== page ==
Most businesses are required to collect sales tax on the goods or services they provide. To learn more about how sales tax will affect your business, check out our informative guide, Sales Tax for Small Businesses.
In business where services are provided on an extended basis, a services contract is often put in place outlining terms and conditions of service.
Welding businesses should require clients to sign a services agreement before starting a new project. This agreement should clarify client expectations and minimize risk of legal disputes by setting out payment terms and conditions, and service level expectations. An example of a service contract can be found here.
Labor safety requirements
It is important to comply with all Occupational Safety and Health Administration requirements.
Relevant requirements include:
- Employee injury report
- Safety signage
Certificate of Occupancy
Businesses operating out of a physical location typically require a Certificate of Occupancy (CO). A CO confirms that all building codes, zoning laws and government regulations have been met.
- If you plan to lease a location:
- It is generally the landlord’s responsibility to obtain a CO.
- Before leasing, confirm that your landlord has or can obtain a valid CO that is applicable to a welding business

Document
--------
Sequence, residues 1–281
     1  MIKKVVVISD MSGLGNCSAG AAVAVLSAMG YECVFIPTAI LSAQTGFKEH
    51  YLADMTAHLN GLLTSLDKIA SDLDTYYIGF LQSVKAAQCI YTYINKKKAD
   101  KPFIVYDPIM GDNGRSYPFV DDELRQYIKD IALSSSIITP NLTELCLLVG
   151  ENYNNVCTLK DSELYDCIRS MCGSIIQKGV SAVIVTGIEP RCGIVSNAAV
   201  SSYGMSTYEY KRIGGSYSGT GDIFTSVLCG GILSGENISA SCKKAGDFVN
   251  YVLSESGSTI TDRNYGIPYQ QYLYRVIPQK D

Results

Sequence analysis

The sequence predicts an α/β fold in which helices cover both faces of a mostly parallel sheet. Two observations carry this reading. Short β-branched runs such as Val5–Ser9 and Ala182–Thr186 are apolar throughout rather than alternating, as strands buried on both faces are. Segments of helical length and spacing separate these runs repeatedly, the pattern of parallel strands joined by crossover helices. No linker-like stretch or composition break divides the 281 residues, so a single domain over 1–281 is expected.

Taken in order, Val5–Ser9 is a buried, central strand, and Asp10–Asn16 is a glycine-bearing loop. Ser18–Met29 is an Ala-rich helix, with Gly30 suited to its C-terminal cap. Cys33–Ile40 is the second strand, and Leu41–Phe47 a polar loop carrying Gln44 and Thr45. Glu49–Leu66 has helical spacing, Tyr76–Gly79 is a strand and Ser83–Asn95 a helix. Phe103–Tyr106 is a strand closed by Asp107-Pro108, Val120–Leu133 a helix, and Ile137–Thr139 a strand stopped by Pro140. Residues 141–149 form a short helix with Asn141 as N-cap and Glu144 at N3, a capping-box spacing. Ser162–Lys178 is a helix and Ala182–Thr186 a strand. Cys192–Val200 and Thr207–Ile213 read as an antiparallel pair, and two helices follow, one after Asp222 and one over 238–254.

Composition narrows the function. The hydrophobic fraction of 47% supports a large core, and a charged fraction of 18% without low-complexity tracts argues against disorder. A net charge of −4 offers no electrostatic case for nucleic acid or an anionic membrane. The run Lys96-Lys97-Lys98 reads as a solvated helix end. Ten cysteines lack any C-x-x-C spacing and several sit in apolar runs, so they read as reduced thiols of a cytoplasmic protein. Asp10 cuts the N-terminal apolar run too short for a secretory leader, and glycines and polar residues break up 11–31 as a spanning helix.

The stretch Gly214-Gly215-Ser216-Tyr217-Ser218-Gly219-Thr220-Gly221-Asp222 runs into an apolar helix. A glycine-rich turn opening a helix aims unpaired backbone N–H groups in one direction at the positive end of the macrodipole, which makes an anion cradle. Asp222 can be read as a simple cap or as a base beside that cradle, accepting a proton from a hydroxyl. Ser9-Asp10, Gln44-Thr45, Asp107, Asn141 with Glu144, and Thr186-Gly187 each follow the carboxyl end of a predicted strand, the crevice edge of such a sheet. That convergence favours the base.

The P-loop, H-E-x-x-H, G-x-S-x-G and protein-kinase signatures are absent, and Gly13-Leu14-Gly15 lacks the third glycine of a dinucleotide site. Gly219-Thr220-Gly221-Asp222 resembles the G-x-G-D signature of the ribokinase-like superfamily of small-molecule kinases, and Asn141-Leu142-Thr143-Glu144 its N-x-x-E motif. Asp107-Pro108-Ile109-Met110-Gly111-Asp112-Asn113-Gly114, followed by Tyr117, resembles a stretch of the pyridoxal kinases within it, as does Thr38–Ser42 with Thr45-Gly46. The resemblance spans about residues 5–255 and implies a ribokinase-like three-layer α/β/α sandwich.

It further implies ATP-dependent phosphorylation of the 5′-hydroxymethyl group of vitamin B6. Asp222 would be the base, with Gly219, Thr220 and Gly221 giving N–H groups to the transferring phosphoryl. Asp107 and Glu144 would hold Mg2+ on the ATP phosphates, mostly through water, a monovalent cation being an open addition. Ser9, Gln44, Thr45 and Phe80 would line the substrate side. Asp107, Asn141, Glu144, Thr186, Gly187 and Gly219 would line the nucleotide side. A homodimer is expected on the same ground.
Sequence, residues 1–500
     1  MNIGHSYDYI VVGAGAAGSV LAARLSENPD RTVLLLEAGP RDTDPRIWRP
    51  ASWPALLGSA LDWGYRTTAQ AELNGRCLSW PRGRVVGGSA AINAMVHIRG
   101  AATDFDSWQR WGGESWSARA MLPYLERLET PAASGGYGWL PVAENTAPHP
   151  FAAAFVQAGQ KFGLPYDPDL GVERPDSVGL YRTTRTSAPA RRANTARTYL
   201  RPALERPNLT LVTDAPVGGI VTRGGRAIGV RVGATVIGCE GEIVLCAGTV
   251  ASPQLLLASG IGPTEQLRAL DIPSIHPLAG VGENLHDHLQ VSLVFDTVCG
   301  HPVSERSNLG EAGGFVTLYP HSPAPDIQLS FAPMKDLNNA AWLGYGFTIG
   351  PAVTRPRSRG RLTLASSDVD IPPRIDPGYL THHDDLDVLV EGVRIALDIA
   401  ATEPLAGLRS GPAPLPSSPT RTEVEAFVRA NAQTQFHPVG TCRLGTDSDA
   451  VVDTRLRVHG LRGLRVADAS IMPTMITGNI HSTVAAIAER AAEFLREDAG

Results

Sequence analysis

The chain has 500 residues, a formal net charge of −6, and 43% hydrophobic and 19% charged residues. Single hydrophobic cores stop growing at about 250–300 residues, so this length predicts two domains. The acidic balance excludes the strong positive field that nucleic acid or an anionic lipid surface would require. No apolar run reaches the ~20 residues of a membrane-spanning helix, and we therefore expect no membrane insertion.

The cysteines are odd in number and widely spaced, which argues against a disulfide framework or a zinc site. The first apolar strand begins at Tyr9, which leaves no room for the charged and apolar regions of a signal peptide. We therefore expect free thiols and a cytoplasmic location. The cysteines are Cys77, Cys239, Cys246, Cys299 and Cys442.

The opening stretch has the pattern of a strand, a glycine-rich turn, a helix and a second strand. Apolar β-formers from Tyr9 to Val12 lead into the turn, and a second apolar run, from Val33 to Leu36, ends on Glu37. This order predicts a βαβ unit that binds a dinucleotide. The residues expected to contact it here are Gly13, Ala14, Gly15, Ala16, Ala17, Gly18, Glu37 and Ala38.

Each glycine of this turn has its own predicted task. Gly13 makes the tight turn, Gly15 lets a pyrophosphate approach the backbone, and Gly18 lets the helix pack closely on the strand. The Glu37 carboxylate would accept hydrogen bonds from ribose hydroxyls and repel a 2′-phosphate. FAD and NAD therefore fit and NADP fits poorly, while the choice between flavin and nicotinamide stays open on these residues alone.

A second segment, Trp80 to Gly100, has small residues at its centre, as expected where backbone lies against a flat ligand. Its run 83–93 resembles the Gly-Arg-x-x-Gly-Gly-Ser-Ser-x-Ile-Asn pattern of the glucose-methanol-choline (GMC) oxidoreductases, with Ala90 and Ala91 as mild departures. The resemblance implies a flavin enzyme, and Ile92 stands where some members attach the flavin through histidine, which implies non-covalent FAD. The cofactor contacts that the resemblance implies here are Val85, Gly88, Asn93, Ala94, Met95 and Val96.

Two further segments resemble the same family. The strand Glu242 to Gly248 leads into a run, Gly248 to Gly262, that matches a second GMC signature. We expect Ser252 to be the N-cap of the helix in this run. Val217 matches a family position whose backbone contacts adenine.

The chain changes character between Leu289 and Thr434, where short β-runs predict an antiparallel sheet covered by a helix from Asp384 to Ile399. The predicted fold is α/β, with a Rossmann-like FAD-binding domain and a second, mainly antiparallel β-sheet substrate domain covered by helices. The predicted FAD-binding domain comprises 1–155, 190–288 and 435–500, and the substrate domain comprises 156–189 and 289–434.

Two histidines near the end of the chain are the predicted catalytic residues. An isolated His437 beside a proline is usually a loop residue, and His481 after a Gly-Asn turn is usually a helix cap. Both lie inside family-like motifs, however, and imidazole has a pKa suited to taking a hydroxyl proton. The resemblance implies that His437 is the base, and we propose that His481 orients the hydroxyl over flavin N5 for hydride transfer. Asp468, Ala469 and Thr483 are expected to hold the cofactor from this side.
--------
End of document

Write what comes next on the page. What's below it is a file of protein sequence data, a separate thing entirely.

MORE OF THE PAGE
- After a major renovation, a new CO often needs to be issued. If your place of business will be renovated before opening, it is recommended to include language in your lease agreement stating that lease payments will not commence until a valid CO is issued.
- If you plan to purchase or build a location:
- You will be responsible for obtaining a valid CO from a local government authority.
- Review all building codes and zoning requirements for your business’ location to ensure your welding business will be in compliance and able to obtain a CO.
How much can you charge customers?
Welding services can be charged in two ways. First, they can be charged on a per-job basis. They can also be charged at an hourly rate. Typically, per-hour rates are between $30 and $70 per hour. A well-established welding company may offer higher prices for special jobs and work needs.
What are the ongoing expenses for a welding business?
Employees will be paid between $45 and $65 per hour. Additionally, raw material will need to be purchased. Typically, this raw material will be marked up by about 50 percent when it’s used.
How much profit can a welding business make?
A well-established welding service provider can gain yearly profits of about $70,000. A highly successful welding business, meanwhile, can make six figures easily.
How can you make your business more profitable?
Every period of work time should be budgeted. A poorly drawn business plan is believed to be the number-one cause of welding business failure. Know what you can afford, and prioritize your customers. Don’t buy personal toys—welding equipment—before you need it. Focus on getting the business in the door, and find the best customers who need your services. From start-up independent jobs to multi billion-dollar contracts, you’ll need to be a good face-to-face negotiator.